The talk from Paris will be about the pass. And, it should be said, the pass really was a thing of beauty, a moment all of its own, spinning in space.
Four minutes and 50 seconds had passed at the Parc des Princes when Neymar sniped inside from the left, fed the ball to Kylian Mbappé, then made just enough of an angle, peeping around the side of Adrian Rabiot, to take it back 40 yards from goal
The Juventus backline was still tightly stitched. But Mbappé had managed to find that run where he drags his marker away from goal, opening up the channel behind. And nobody runs into an open channel quite like Mbappé. Yes. Come into my place.
Neymar knows this pattern too, knows to thread the ball into that space. Although here he did something different: facing diagonally away from goal, feeling the geometry of the run, the moving objects ahead of him, and just sending it up into the lights, a moon ball, a lovely, delicate thing, freezing the moment, then drifting down out of that open sky into the path of Mbappé, who took it with a flourish, a note of pleasure in the contact with the outside of his right foot, zinging the ball with startling power into the far corner.
Fifteen minutes later it was 2-0, Mbappé producing another fine right-foot finish after a nice touch from Achraf Hakimi, the shot so perfectly executed it felt like just a prelude to the celebrations, Mbappé already veering away as the ball left his laces.
The new regime in Paris has spoken about a serious, pared-back, matt-finish PSG. Christophe Galtier may look like a charismatic 1980s small-town mayor on his way to have a long lunch with his personal assistant, but he has a clear and sober plan. Nineteen players left this summer. High-end dead wood has been cleared. Galtier has tinkered minutely with his formation, with the idea that his starry front three simply need proximity, interplay, time to learn one another’s game more intensely.
Paris have duly scored 24 goals in six league games (although this is of course the default: what are these outsize superstars doing here, if not this?). But it still seems fitting that in 2022, football’s year of the Qat, PSG should have produced by the end of this 2-1 Champions League victory a performance so vividly fine and then so vividly brittle that Juventus left the pitch feeling unlucky not to capitalise on their own energised second half.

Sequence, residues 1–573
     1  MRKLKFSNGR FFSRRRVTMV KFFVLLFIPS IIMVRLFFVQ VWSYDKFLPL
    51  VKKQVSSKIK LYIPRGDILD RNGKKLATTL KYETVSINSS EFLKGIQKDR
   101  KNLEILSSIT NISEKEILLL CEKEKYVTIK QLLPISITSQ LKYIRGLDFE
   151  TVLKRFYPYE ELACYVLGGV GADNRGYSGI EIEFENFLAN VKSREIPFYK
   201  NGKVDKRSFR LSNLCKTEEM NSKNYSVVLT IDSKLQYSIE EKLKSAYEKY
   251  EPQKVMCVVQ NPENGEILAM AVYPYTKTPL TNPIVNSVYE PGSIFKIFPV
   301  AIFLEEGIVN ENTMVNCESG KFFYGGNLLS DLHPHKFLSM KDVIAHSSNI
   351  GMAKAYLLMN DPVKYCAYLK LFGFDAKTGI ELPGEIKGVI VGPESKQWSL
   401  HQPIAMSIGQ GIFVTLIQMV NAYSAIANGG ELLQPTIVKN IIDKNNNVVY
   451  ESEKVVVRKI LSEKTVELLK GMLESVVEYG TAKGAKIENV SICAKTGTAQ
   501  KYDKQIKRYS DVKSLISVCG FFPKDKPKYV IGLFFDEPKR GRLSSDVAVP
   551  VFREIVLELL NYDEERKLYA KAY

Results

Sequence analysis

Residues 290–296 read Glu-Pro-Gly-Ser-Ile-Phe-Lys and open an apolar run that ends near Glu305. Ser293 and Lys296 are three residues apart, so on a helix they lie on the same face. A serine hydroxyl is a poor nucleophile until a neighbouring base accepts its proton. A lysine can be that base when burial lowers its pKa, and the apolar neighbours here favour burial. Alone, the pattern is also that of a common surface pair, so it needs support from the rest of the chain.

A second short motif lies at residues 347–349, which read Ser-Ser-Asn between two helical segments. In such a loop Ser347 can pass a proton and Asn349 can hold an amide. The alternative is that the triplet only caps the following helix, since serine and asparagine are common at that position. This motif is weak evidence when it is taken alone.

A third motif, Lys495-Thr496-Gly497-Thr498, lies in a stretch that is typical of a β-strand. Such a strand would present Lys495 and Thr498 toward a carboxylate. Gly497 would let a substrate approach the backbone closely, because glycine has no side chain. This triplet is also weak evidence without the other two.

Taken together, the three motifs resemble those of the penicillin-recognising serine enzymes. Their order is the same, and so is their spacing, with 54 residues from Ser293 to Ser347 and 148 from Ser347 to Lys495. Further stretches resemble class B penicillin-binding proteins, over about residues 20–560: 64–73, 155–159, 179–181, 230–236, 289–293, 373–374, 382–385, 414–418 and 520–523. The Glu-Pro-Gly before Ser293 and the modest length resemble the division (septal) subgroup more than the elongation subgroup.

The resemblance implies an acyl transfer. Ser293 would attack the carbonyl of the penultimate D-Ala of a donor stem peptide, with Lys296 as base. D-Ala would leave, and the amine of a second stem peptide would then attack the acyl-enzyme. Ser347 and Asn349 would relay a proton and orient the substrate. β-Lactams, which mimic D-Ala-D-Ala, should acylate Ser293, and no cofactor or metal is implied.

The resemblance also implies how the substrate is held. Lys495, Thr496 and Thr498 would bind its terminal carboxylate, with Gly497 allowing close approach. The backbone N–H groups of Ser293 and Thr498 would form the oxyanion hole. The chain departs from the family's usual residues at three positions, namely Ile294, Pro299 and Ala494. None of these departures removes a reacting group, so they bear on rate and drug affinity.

For Paris the good bits were very good. Neymar was excellent in the first half, a total creative footballer, dribbling, passing, shooting, pulling shapes out of the air. The haters are a little harsh on Neymar (the haters cant help it: it’s in their nature). For all the notes of frustration he is a relentlessly productive footballer. There was some writhing about, but also some heavy tackles, and these hurt when you have no extra padding, when, like Neymar, you’re basically made from sherbet and straw.
Mbappé was brilliant too, all explosive, creative movement. At times like these he’s like a kind of footballing parkour runner, seeing the spaces and the obstacles, brain whirring, calculating angles of approach and lateral spring. He kept making the same inside-out run behind Leonardo Bonucci’s left shoulder, forcing him to turn in a slow-twitch panic. You can’t really defend this. You just hope it doesn’t happen too often
Sergio Ramos also started here and did pretty well. Ramos looks amazing these days, like an ageing pirate king, so tattooed even his tattoos have tattoos, beard esoterically trimmed. He doesn’t exactly play football these days, just carries a Ramos vibe around, Ramos energy, making Ramos things happen. At one point he cleared the ball off the line with a super-slick prone backheel. Of course he did.
And it does still seem credible a team with Ramos in it could win the Champions League, just as it was tempting in that first half to conclude PSG are finally reaching critical mass. Messi, Ramos, Mbappé, Neymar, Donnarumma. There isn’t much space left in there to fail.
But of course there is enough space, because high-end failure is still probably the most interesting thing about this elite project club; an inability to simply spend its way to the ultimate prize, to light the skies with borrowed star power.
This has played itself out every year for the past decade, and it was there again in the 17th minute as suddenly Paris were cut open by Juan Cuadrado’s deep cross, Gianluigi Donnarumma saving brilliantly, Neymar not only failing to track back but yelling angrily at the defender behind him for failing to cover his lack of tracking back.
It was there after half-time as Juventus switched to a high-pressing flat back four and changed the game. It was there as Mbappé veered in on goal and shot wide from a silly angle with Neymar howling and waving his arms like a drowning man in the middle. Mbappé sighed as he walked back. Take it up with management. Wait, I am management.
Four minutes later Juventus pulled one back, Weston McKennie heading in from a short corner down that same side unmolested by any desperately covering inside forwards.
After that PSG seemed to go into neutral, unable to press go again. When other teams take the ball away what Paris often seem to lack is a way of playing that is neither thrilling bursts nor spells of sudden passivity; but which is just a sense of playing, holding their ground, existing comfortably in the middle gears.
They might still have scored four against Juventus, and look better placed than at any time to scale the summit. What would it mean? How would it feel? What would it prove? There is still something brittle in the way this team have been built, star particle bonded to star particle, a beautiful crystalline structure, but one without much give or bend. Paris will improve as those lines become clearer, as Vitinha and Marco Verratti gel, and if Neymar and Mbappé can find that sublime connection. But as Juventus showed here, they are still Paris.